The Latest: Police: Criminal complaint lodges against owners

DETROIT (AP) — The Latest on the remains of fetuses and an infant found in a former Detroit funeral home's ceiling (all times local):

4:30 p.m.

Police in Detroit are lodging a criminal complaint after the remains of 10 fetuses and one infant were found hidden in the ceiling of a former funeral home.

Chief James Craig says Monday that a criminal complaint will be opened against the owners of Cantrell Funeral Home.

An anonymous letter led state inspectors Friday to the decomposed remains hidden between the eastside building's first and second floors.

Craig said the fetuses were in a cardboard-like box while the infant's remains were in a coffin. The building has a new owner.

Cantrell Funeral Home was shut down by the state and had its mortuary license suspended in April after decomposing embalmed bodies and other violations were found.

The Associated Press was unable Monday to find a telephone listing for Raymond Cantrell who owned the funeral home at that time.

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2 p.m.

Remains found in the ceiling of a former Detroit funeral home included 10 fetuses and one full-term infant.

Police Chief James Craig says Monday that the fetuses were in a cardboard-like box while the infant's remains were in a coffin in a building once owned by Cantrell Funeral Home.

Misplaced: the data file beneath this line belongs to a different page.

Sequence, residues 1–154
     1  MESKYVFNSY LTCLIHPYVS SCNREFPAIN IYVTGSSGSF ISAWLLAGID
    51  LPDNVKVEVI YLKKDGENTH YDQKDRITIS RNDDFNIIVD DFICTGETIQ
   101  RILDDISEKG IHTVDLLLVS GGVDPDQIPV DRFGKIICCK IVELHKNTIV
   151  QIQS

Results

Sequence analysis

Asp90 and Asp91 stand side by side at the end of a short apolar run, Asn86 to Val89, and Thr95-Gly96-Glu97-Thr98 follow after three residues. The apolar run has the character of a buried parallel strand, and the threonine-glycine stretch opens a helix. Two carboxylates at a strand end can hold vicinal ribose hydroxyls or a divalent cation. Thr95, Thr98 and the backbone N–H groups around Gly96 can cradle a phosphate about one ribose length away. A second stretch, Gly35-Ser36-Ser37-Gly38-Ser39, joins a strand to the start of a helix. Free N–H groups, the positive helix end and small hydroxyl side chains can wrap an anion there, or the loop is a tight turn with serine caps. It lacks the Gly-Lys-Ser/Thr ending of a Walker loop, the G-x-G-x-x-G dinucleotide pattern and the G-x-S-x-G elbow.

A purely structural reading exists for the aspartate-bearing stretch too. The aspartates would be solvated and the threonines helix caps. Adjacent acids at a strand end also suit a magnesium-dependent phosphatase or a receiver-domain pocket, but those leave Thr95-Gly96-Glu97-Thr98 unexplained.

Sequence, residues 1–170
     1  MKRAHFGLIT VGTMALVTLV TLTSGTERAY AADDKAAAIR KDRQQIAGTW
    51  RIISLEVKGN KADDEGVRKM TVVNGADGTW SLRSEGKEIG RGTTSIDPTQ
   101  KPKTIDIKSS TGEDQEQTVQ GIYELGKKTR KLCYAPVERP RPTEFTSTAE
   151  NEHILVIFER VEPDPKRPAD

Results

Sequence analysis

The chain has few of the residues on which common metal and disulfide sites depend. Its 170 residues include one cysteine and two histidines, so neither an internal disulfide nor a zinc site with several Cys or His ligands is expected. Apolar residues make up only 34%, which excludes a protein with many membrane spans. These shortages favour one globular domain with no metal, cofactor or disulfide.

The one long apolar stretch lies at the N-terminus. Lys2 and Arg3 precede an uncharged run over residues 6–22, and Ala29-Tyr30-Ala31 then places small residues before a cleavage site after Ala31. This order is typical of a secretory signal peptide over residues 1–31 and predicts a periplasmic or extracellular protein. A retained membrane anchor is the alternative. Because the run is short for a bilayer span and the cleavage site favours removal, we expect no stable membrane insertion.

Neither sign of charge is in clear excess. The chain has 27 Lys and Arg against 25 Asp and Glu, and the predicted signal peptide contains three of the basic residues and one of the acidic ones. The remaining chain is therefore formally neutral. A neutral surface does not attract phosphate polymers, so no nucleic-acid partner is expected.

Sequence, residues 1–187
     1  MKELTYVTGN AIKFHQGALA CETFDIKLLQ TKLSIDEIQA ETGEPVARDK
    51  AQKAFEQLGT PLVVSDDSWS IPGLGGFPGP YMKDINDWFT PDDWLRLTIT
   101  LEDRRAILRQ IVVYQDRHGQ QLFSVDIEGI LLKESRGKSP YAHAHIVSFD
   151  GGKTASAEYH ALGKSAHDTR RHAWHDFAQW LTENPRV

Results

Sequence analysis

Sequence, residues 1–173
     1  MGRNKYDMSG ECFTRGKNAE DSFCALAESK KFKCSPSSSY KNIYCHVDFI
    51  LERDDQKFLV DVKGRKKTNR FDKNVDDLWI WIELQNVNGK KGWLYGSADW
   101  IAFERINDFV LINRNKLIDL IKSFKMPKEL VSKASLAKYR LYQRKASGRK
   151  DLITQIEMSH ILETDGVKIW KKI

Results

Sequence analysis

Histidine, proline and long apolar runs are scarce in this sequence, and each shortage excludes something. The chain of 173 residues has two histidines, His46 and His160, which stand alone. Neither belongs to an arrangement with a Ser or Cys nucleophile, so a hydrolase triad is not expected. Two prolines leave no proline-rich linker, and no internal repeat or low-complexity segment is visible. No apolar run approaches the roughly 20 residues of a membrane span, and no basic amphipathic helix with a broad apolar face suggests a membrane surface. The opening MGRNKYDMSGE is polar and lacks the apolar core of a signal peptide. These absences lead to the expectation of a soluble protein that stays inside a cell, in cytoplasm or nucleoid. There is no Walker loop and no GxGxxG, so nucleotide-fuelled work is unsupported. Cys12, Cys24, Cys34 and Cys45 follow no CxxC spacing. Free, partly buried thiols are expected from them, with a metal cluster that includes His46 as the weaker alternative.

An anonymous letter led inspectors Friday to the decomposed remains hidden between the building's first and second floors.

Craig tells The Associated Press that the remains "were definitely hidden" in the ceiling so that they would not be "readily discovered."

Authorities are working to identify the babies' families. A medical examiner's spokeswoman says the funeral home's owners are not cooperating. No arrests have been made.

The funeral home was shut down in April after inspectors found decomposing bodies and other violations.

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12:50 p.m.

State and city police and other officials are investigating how the remains of 11 infants ended up in the ceiling of a former funeral home in Detroit.

Spokesman Jason Moon said Monday that Michigan Licensing and Regulatory Affairs is working with the state attorney general to gather information about Cantrell Funeral Home.

An anonymous letter led inspectors Friday to the decomposed remains hidden between the building's first and second floors.

Wayne County medical examiner spokeswoman Lisa Croff says authorities are trying to identify the babies' families. The funeral home's owners are not cooperating. No arrests have been made.

Decomposing bodies and other violations led to the business being closed in April and its license suspended. Moon says the suspension wasn't appealed.

The building has a new owner.